Natural Law, Liberalism, and Morality: Contemporary Essays, Robert P. George, ed. (Oxford: Oxford University Press, 1996, 2001), 181–94; reprinted in Democracy and the Constitution: Landmarks of Contemporary Political Thought (AEI Press, 2006).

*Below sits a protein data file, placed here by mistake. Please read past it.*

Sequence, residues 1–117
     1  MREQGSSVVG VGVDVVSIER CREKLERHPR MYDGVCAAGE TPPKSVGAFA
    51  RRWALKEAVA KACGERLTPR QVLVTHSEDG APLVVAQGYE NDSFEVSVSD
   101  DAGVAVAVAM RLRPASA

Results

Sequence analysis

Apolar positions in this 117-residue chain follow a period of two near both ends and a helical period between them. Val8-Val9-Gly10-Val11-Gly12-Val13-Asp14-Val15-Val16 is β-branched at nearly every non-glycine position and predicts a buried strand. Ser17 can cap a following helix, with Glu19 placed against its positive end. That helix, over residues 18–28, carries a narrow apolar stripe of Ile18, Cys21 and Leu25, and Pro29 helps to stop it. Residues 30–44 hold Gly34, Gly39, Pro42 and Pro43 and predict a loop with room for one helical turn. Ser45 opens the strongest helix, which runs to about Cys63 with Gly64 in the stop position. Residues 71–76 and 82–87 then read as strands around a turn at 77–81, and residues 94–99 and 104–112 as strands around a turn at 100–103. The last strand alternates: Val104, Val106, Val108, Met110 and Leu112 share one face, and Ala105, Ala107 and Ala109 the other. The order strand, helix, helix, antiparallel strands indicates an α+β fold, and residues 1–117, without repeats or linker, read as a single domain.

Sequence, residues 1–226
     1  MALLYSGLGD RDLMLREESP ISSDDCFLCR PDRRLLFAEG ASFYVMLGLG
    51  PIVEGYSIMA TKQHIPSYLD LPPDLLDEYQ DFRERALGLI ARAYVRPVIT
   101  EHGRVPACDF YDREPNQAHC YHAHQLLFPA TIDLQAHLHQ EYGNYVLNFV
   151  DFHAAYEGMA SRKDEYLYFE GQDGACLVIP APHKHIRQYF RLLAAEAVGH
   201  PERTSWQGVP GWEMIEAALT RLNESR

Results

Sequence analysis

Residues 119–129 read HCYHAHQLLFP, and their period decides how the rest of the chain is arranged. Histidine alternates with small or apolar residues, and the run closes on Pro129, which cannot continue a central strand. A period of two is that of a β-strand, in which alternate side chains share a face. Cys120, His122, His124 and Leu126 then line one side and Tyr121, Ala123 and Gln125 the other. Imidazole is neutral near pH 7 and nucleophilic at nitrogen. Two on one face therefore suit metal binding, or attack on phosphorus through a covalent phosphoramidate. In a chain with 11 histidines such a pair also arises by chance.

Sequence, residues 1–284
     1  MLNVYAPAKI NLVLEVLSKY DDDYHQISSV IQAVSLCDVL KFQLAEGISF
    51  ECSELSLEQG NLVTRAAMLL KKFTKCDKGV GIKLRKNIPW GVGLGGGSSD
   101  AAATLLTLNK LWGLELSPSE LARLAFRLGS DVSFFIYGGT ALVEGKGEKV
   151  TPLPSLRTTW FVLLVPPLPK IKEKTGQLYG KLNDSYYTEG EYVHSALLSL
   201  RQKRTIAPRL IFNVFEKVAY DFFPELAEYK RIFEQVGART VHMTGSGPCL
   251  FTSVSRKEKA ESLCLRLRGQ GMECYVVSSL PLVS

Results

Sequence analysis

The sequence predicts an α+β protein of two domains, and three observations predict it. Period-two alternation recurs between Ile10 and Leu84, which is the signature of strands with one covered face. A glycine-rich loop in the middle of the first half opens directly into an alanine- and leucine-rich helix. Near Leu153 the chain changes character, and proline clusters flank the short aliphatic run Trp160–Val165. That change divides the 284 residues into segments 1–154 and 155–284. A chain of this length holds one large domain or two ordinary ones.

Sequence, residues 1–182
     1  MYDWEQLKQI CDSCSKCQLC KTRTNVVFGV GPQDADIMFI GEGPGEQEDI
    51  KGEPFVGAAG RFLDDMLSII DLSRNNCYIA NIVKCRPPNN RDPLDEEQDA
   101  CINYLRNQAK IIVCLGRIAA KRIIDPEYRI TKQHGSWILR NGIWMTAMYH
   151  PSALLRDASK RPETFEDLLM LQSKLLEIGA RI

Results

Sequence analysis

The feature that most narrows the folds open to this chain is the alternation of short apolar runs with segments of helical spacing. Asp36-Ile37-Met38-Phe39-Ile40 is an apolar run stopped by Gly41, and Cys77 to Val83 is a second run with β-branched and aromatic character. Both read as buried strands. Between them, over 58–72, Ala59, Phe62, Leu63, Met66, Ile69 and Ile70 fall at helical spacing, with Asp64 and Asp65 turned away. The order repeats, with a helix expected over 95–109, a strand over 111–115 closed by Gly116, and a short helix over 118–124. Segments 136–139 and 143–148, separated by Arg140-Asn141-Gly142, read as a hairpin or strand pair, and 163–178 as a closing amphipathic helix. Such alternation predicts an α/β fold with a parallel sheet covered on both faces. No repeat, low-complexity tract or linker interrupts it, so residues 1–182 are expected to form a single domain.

I begin by stating the obvious: Federal judges are not in the habit of invoking natural law to support their constitutional decisions. Rather, they invoke one or another—and sometimes a handful—of specific constitutional provisions. This is not an accident. Their authority is limited to deciding cases and controversies—for my purposes here, cases arising “under the Constitution” or “the laws of the United States”—which they weigh in the balance with the relevant constitutional provision. And most of these provisions—or, at least, those most frequently cited—have to do with rights, which, again, is not by accident since, as we are taught by the Declaration of Independence, the purpose of government is the securing of rights.